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Thursday, May 26, 2011

Cooking Spaghetti!

This is a post from my blog: Tips 'n Good Stuff


I thought this also applied here so thought I would share:


This is so easy that I probably don't need to repeat it here.  However, for all you New-bee's I will anyway.  We will take this in steps:


No. 1  Bring a pan of water to a rolling boil; add a little olive oil.


Note pens in background...
I craft while I cook!
No. 2  Put the spaghetti* in slowly.  I actually break mine in thirds-it goes in the pot much faster.  Some traditionalists probably would shudder at this, but what can I say?  Hey, I even cut mine up with a knife and fork when I eat it...boy, I think they are trembling now.


The tricky part for me is to get the right amount of spaghetti per person.  There are just two of us and I invariably cook too much.  Chuck is better at judging the amount that me so I call for is assistance at this step.


No. 3 Boil for 3 minutes.  To keep the water from boiling over the pot, lay a wooden spoon across the pan.


No. 4 Remove from heat.  Cover and let it sit for 10 minutes.  It should be "al dente" as the traditionalists above would say!


No. 5 Strain with a strainer, empty all but a 1/4 cup of the water from the pot and set the strainer on top.  Set back on the stove and serve the plates from there.


*I prefer Vermicelli or Angel Hair.  I really dislike "fat, gunky" spaghetti. 

Monday, May 16, 2011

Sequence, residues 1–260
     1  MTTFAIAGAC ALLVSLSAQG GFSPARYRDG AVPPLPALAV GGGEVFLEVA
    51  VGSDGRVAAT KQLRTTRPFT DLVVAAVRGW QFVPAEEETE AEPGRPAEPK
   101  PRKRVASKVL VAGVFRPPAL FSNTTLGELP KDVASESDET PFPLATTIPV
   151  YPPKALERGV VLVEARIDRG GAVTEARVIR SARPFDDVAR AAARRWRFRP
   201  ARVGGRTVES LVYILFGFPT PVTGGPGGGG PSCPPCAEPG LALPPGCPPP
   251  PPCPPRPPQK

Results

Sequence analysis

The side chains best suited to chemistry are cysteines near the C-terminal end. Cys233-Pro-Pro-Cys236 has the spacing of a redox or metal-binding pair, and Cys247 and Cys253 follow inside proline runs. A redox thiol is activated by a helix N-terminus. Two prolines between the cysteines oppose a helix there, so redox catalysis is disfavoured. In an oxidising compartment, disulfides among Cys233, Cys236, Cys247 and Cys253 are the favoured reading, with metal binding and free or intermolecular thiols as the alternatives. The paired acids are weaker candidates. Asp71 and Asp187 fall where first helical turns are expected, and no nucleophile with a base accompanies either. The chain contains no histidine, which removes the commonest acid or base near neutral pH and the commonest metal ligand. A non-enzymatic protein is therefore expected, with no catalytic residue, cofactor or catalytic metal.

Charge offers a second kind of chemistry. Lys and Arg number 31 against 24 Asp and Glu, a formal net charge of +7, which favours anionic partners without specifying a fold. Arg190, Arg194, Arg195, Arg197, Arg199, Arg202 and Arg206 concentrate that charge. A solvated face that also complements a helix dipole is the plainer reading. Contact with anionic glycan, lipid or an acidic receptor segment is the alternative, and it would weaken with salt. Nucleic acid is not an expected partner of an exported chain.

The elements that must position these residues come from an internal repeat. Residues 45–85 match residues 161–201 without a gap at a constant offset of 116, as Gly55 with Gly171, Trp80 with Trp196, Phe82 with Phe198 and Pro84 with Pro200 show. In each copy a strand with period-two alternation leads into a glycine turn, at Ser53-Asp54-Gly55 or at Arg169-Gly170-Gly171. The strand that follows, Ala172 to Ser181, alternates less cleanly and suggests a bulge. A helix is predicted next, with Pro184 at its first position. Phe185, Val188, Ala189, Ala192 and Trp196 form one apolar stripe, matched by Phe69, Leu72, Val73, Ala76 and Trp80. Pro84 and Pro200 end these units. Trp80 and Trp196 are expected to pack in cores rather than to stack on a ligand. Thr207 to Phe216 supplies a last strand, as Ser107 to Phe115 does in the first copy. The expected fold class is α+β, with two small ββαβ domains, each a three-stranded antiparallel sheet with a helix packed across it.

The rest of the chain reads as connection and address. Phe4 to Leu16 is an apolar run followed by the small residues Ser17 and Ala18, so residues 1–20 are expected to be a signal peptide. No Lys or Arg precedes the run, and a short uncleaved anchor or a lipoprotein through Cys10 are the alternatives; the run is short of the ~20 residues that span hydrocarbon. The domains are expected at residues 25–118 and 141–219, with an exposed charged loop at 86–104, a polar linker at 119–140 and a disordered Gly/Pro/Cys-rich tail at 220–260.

Out and About from California

We took their picture;
they took ours!

While on vacation in San Francisco we took a couple of days and went south to see San Simeon.  Our first stop was a the Niner Winery in Paso Robles.  We met a couple of school teachers who recommended we eat at Robin's on Burton Street in Cambria. They thought our trip would not be complete without trying it...and we did.  

Salmon Bisque
Our Favorite
The food is international in flavor and presentation seemed to be important to their chef.  However, we find that sometimes "presentation" is not everything.  In fact, it overpowers the food.  This was the case for us.  Chuck, had the special, Grilled Bluenose Bass on a bed of forbidden rice.  The rice was the problem-forbidden rice is a black rice and very rubbery in texture.  The Bass was a little dry.  He did have the Salmon Bisque, which was excellent.  In fact, we could have had it as an entrée.  

I had the Spinach/Artichoke Lasagna.  It was also excellent, but a little to rich for my pallet.  I could only eat half of it.  Since we were traveling, we did not have the option of a "take home" box.  

The service was good as was the atmosphere in a historic adobe house.  We ate early so we had time to look around the gift shops and art galleries.  After all, this is a tourist/artist-type town.  

We are glad we tried it and if you pallet runs to the eclectic then this is the place for you.  

Tuesday, May 10, 2011

On the Border! Thumbs Up!

We got one seat immediately at the bar. Our new favorite thing---sitting at the bar with a glass of wine and a beer on tap.  It is a good vantage point to watch people.  Also, when it's slow, you can have a good visit with the bartender.  The acoustics aren't that great here, but not so bad that you can't visit while you sip.  


We are liking our new favorite thing so much, we are eating at the bar, too.  No. 1 you don't have to wait for a table during busy times and No. 2 the service is faster.


When Chuck got a seat, we ordered. We split a Border Sampler*  as our entrée.  It was delicious and more than enough for us.  We find that we can't eat as much as we did when we were younger. We get that uncomfortable "stuffed" feeling if we do.  We have learned the hard way to limit our quantities and split when we can.


 *Chicken Quesadillas, Steak Nachos and Chicken Flautas. Served with guacamole, sour cream, pico de gallo and original queso